UROC Mentor of the Year Award: Dr. Danielle Burchett, Assistant Professor of Psychology

By Alex Jensen
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Dr. Burchett, Brittany Smith, Stella Ornelas, Coraima Enriquez, and Kayla Marshall accept the 2017 Society for Personality Assessment Best Poster Honorable Mention award.

Dr. Danielle Burchett, Assistant Professor of Psychology in the College of Arts, Humanities, and Social Sciences at CSUMB, is the recipient of this year’s 2018 Undergraduate Research Opportunities Center (UROC) Mentor of the Year Award.

Dr. Burchett has mentored five UROC Scholars and four UROC Researchers, as well as 13 student researcher mentees unaffiliated with UROC, in the Clinical and Forensic Evaluation (CAFE) Laboratory at CSUMB since Nov. 2014. Most of the previous CAFE Lab projects have focused on examining the utility of the Minnesota Multiphasic Personality Inventory-2 Restructured Form (MMPI-2-RF), a psychological test designed to assess an individual’s personality and psychopathology characteristics. The MMPI-2-RF is used in a variety of clinical and non-clinical settings. The CAFE Lab’s work focuses heavily on its use in a forensic inpatient hospital setting.

CAFE Lab researchers have presented their research at the Society for Personality Assessment (SPA), American Psychology-Law Society, California Coalition on Sexual Offending, and the Annual MMPI Symposium. Several have gone on to doctoral and master’s programs in psychology at Palo Alto University, San Jose State University, University of West Florida, William James College, Ohio State University, and University College London. They have also been recognized with a variety of awards, like the SPA Poster Award Honorable Mention, the Barry Goldwater Scholarship Honorable Mention, and CSUMB’s Provost’s Award for Exemplary Academic Achievement.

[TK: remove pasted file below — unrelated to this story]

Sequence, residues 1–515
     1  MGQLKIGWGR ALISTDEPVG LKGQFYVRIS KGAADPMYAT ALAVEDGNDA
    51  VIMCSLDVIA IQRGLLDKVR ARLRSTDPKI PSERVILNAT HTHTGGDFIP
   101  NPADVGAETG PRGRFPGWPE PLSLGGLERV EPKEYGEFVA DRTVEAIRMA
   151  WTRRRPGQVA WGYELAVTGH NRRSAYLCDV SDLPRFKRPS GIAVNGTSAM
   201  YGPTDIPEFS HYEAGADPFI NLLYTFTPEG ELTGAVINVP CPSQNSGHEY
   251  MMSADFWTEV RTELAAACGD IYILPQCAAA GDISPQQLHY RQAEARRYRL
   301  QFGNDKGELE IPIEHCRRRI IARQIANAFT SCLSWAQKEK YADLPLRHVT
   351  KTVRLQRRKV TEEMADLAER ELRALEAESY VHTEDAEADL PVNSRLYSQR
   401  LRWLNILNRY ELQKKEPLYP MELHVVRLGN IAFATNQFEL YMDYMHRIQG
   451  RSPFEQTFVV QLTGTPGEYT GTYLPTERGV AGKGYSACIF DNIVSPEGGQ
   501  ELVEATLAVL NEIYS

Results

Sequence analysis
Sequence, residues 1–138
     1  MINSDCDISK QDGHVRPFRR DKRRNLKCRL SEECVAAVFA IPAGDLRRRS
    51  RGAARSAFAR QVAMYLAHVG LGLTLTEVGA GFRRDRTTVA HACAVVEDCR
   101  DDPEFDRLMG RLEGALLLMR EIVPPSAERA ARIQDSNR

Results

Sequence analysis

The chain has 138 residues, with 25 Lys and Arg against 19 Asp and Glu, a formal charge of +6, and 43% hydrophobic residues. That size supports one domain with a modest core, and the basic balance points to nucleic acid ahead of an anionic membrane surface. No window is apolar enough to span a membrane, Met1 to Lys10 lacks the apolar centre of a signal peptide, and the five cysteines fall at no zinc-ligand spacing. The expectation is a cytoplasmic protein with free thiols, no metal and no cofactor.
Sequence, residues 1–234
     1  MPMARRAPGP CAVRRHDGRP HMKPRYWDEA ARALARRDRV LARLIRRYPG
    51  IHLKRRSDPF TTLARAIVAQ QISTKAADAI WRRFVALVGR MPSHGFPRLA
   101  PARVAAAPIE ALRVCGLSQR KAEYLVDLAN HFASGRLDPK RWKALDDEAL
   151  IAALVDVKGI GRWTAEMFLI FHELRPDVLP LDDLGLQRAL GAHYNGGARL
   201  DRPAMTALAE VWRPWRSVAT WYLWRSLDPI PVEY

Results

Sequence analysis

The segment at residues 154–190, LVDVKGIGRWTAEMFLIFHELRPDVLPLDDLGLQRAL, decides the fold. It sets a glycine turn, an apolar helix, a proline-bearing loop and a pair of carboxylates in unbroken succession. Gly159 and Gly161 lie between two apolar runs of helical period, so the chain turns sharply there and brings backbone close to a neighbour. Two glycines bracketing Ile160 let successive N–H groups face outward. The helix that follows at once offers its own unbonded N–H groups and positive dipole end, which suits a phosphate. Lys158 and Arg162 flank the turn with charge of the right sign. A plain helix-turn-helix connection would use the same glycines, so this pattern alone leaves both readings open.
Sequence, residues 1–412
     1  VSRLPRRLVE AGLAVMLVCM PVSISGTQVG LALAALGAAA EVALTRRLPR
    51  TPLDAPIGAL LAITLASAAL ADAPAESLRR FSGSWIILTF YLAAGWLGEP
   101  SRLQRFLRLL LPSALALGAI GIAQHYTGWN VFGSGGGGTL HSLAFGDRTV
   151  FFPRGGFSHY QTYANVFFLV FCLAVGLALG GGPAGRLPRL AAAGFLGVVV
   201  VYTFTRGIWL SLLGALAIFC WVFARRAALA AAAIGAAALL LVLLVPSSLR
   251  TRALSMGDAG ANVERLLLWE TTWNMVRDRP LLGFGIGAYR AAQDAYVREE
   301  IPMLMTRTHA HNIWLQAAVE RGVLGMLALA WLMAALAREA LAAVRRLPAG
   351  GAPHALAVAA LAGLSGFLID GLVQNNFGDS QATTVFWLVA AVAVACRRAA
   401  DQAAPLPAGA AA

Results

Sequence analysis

Currently, the CAFE Lab is studying the utility of existing and experimental scales designed to determine whether someone responded on the MMPI-2-RF in a valid manner. It is also using the test to study whether the cognitive dysfunction symptoms experienced by patients with psychotic disorders (such as schizophrenia) get more severe with age. In addition, it has researched whether forensic inpatients living with antisocial personality disorder are more likely to overreport mental health problems, as compared to those with other diagnoses. More information on the CAFE Lab and its work can be found at dburchett.wordpress.com.

Dr. Burchett’s current and former mentees had the following to say about her contributions as a mentor:

“Dr. Danielle Burchett has continuously been the epitome of what a mentor should be. She inspires and guides students through her mentorship, advice, and her own experiences… Through conversations we have had, Dr. Burchett shows true passion and an interest in undergraduate research and development throughout her education and career.”

–Katrina Conen, Current Mentee

“Dr. Burchett served as an important role model and advisor during my undergraduate career, in a way that continues to impact my success in graduate school. The experiences I gained under her mentorship helped me to establish a foundation as a researcher and scholar, in the field of clinical psychology, for which I am continuing to expand and develop in my coursework and research assistantships.”

–Isabella Romero, Former Mentee

“Somehow amongst her busy schedule [Burchett] manages to provide each of us with individual support while recruiting new lab members each semester. She ensures all of us in her lab have the professional development geared towards their graduate and ultimate-career research interests.”

–Jenny Hatch, Current Mentee

“[Burchett] gives her all in every aspect of her job, and is always available to anyone, students or mentees, that are in need of guidance. She pushes us to succeed, and is there to cheer us on along the way.”

–Kylin Peck, Current Mentee

Congratulations, Dr. Burchett!

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